Hypoglycemia- simplifying the ways to predict an old problem in the general ward.
Eur J Intern Med. 2018 Nov 28;:
Authors: Bar-Dayan Y, Wainstein J, Schorr L, Derazne E, Schorr Y, Jakubowicz D, Wohl Y
OBJECTIVE: To examine the association between hypoglycemic events and inpatient and outpatient mortality rates, and to characterize the profile of patients with diabetes who develop hypoglycemia during hospitalization in order to identify risk factors and potentially avoid it.
RESEARCH DESIGN AND METHODS: This retrospective cohort study analyzed data of 3410 patients with diabetes hospitalized during 2012. The associations among biochemical measures, severity of hypoglycemia, inpatient length of stay, and mortality during hospitalization, one month and within one year after discharge were evaluated.
RESULTS: Hypoglycemia was observed in 18.5% (633/3410) of patients with diabetes, 83% (529/633) with mild/moderate hypoglycemic values. Adjusted for age and sex, the 30-day mortality rate after discharge was higher in the group with mild/moderate hypoglycemia (HR = 1.749, CI 1.288-2.374, p < 0.001) and in the group with severe hypoglycemia (HR = 3.390, CI 2.332-6.100, p < 0.001). The mortality rate at the one-year follow-up was higher in the group with mild/moderate hypoglycemia (HR = 1.749, CI 1.288-2.374, p < 0.001) and in the group with severe hypoglycemia (HR = 3.390, CI 2.332-6.100, p < 0.001). In multivariate analysis, hemoglobin and albumin below normal values, and creatinine values above the upper limit were strongly associated with hypoglycemia (OR 1.35, 95%CI 1.1-1.6, p < 0.03; OR 1.6, 95%CI 1.33-1.89, p < 0.001; OR 1.3, 95%CI 1.08-1.55, p < 0.04, respectively).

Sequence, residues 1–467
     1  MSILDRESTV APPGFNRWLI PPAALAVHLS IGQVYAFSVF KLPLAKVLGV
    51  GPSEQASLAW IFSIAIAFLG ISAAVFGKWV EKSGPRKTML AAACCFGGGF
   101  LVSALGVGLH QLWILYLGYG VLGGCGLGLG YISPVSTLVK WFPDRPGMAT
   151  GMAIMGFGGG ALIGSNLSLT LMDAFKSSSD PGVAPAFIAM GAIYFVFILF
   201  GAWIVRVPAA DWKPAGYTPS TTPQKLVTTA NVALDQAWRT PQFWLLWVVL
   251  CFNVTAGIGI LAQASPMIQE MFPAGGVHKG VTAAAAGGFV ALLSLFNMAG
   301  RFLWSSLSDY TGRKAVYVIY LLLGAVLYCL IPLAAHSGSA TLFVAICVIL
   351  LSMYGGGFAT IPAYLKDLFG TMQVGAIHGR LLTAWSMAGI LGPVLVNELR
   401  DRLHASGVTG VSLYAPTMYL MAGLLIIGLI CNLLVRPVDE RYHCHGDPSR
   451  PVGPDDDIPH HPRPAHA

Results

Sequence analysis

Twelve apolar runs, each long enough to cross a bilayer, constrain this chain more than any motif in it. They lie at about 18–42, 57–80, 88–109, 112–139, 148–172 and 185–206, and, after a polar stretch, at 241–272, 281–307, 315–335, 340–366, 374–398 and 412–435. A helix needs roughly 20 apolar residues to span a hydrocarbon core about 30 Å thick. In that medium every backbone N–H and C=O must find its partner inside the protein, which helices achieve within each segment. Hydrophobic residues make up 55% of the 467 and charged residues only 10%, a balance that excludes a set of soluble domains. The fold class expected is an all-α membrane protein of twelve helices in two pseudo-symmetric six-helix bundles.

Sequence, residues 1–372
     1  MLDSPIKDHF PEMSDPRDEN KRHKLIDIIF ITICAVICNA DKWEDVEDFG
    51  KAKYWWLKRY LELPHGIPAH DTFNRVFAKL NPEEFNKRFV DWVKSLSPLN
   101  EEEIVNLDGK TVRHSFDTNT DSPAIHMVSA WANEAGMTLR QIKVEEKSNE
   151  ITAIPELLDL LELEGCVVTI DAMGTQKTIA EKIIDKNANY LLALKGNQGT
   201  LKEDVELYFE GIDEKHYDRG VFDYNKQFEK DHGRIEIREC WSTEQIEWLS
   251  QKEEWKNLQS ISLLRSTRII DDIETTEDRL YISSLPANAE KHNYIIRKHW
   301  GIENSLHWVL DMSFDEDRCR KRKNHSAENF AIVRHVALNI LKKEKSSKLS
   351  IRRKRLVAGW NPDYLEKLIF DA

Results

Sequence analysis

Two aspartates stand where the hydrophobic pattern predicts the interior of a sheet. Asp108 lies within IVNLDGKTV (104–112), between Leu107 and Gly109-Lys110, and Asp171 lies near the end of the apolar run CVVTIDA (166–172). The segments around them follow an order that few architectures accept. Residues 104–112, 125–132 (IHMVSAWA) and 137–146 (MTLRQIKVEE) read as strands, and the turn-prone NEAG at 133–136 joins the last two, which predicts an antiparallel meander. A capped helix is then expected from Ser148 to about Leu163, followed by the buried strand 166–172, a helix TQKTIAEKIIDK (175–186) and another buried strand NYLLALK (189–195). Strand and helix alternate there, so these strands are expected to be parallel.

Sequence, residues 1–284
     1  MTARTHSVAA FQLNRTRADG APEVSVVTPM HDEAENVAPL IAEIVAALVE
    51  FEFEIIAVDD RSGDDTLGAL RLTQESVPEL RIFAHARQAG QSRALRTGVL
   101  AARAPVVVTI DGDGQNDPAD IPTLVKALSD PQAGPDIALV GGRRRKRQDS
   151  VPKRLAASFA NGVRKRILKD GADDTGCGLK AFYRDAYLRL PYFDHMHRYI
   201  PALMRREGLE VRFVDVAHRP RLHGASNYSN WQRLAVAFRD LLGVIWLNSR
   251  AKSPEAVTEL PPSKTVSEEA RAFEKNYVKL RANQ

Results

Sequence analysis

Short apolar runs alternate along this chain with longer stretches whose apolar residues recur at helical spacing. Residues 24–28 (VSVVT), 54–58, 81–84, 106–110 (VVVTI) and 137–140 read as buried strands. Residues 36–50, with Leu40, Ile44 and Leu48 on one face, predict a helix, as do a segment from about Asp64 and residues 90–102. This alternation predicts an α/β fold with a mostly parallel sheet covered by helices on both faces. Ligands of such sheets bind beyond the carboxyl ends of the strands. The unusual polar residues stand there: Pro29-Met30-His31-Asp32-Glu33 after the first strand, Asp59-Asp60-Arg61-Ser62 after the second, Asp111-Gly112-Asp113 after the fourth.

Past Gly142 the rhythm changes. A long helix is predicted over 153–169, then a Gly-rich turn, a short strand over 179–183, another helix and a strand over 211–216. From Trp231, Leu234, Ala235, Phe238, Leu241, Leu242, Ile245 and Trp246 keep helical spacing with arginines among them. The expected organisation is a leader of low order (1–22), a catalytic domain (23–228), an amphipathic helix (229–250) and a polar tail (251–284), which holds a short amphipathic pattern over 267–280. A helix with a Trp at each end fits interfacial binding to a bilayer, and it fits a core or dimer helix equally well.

CONCLUSIONS: Hospitalized patients with diabetes and low hemoglobin, low albumin or high creatinine levels are at increased risk of developing significant hypoglycemia. Identifying accurate high-risk factors in order to intervene early and efficiently can prevent life-threatening complications.
PMID: 30503083 [PubMed - as supplied by publisher]